This essay is a selected submission from Street's Love Issue personal narrative contest. Read some of our other favorite pieces here and look out for new pieces as we publish them throughout the week!


“It’s a tough call but I must say Godel’s Incompleteness Theorem is my favorite.”

I was at the high school American Invitational Mathematics Examination (AIME) and the dark–haired, dimpled boy across from me had introduced himself as Jay and asked me about my favorite math theorems.

“I like that one too!” I chimed. I had no idea who or what Godel was.

In the months after when I started to eat lunch with Jay, we discussed the AIME answers although we had signed contracts not to. I never considered Jay a math nerd—no, he was something more than that. He radiated a love for calculus and topology in a way that made mathematics sound like the newest video game or fashion trend.

“Mathematics is so boring, there’s no story there,” I’d complain. Jay would talk about how math really was a story—you find a problem and you solve it—the adventure that you go through to prove it is the journey. As friends, we went to science exhibits together and competed in science fairs. I didn’t understand half of what he said half the time, but he cared a lot. 

He calculated how much time he spent with me to make sure it was enough. He made a science board about me as a birthday joke and asked me out at an astronomy observatory with a bunch of math puns, saying he couldn’t wait to intersect with me. Now, I cringe when I think about it, but, in the moment, it was cute. He wrote up a funny program for me to play on my TI-84 Calculator—a calculator I later lost in Math 312 in college.

I tried to feign interest in mathematics—I really did. I even read papers about Godel’s Incompleteness Theorem. I applied to Penn for Engineering, thinking that the word “Systems” would somehow make me more intelligent and Jay–like. Jay would send me practice math sets in the wee hours of the night and he would later help me with the ones I didn’t understand. When it came time to apply to college, Jay had an issue. He grew up in India and his writing skills weren’t as finely skilled as his math ones. As a loyal girlfriend, I wrote his Common Application essay. Although I had won a lot of awards, I stepped away from creative writing when I started working intensely on studying math. Jay got into most of the Ivy League schools but ended up at MIT.

In college, I sent Jay pictures of books I had found in the library of DRL. It didn’t matter how nerdy it was. We were in our own world, where we discussed machine learning and watched AlphaGo documentaries together through Skype. Later, I started looking for someone at Penn who was as smart as Jay, but I either didn’t spend enough time in the engineering quad or asking boys for their favorite math theory was a flawed strategy.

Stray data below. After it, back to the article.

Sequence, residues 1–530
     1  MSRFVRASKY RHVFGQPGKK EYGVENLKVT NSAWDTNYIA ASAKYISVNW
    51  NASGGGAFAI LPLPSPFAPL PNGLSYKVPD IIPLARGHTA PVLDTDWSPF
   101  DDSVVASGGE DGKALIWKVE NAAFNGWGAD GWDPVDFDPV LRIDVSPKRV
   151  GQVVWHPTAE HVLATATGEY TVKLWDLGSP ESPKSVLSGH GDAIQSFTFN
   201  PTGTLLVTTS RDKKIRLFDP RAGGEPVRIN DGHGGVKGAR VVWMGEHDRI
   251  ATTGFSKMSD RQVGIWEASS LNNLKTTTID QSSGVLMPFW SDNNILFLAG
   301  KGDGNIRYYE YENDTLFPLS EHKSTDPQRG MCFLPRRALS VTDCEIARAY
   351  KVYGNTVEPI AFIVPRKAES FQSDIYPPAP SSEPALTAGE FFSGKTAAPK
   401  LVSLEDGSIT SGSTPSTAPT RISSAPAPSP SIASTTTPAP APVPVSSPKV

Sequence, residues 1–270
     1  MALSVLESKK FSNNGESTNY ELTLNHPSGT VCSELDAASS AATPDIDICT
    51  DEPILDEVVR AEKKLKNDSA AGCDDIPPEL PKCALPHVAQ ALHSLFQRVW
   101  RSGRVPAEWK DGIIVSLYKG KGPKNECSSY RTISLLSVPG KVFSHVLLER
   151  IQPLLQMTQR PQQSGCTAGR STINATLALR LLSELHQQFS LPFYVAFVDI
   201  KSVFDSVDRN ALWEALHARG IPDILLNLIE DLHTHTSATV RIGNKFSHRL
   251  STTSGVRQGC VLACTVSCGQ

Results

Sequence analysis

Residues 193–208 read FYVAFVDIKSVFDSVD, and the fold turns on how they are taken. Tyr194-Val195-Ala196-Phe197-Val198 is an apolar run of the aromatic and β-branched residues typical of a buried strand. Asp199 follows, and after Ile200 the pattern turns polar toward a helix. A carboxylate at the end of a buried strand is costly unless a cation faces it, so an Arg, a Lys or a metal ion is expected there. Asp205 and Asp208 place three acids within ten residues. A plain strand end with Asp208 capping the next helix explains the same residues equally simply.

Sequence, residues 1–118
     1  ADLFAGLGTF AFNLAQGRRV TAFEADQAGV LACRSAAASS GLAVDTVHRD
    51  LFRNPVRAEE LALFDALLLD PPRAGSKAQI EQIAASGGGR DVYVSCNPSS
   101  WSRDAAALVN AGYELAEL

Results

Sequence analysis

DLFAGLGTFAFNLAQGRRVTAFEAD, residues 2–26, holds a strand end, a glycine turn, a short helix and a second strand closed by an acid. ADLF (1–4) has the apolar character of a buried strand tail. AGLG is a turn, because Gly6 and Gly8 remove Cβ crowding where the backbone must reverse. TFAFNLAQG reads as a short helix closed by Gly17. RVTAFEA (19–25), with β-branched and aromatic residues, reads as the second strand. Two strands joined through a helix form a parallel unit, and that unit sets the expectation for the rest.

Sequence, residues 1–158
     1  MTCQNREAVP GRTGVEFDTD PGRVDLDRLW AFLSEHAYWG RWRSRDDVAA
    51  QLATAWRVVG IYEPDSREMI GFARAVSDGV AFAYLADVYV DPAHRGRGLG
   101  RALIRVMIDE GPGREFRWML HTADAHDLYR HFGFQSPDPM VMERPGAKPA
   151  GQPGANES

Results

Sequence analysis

“The problem with math puns is that all calculus jokes are derivative, trigonometry jokes are too graphic, but I guess the occasional statistic joke is an outlier,” I blurted out once. No laughs followed. I still talked to Jay every night during the first semester of school.

Jay had a mandatory writing course in college, and I wrote every single one of his essays for that class, making sure there were some errors in every paragraph for believability. Sometimes, I wrote his essays before starting on my own homework. In return, he helped me with my math problem sets. On my birthday, Jay sent me a nice long message on Messenger:

“To be honest, I really enjoyed spending time with you and cared about you a lot. But I don’t find our conversations that intriguing anymore. We are too different.”

Too different? Did he mean that I wasn’t smart? I was baffled. The Jay I was speaking to seemed miles away from the Jay I knew in high school. The funny, humble, and skinny boy with large glasses was now a distant stranger. Sensing my discomfort, Jay messaged, “It’s okay. I can pay you for writing my essays.”

As if I could care less about the money. This boy, who I risked plagiarism for, who I spent hundreds—if not thousands—of hours of my life with, the one who got me interested in math, the one who encouraged me throughout the past few years, was saying I wasn’t interesting? Intelligent?

Of course, there were a couple months of crying but eventually I accepted the money, started my own essay editing service—if people were going to take advantage of me, why not profit? I transferred out of Engineering, slowly realizing that it didn’t mean I was incompetent and dumb, but just that systems science & engineering may not have been my calling.

This past Valentine’s Day, I received a newly–minted TI–84 calculator in the mailbox, with it a note: “Maybe your love for me is incomplete, but keep loving Godel’s Incompleteness Theorem.”

Because of Jay, I’m a little faster at derivatives and a little slower at falling for a cute boy. I also hate math puns now, even though math is the only subject that “counts.” Maybe math—or love—isn’t about calculations. Maybe that’s where Jay went wrong. The hours we spent together, the nights we reveled in math—those were memories—more abstract than numeric. 

Lisa Zou is a sophomore from Phoenix, AZ.


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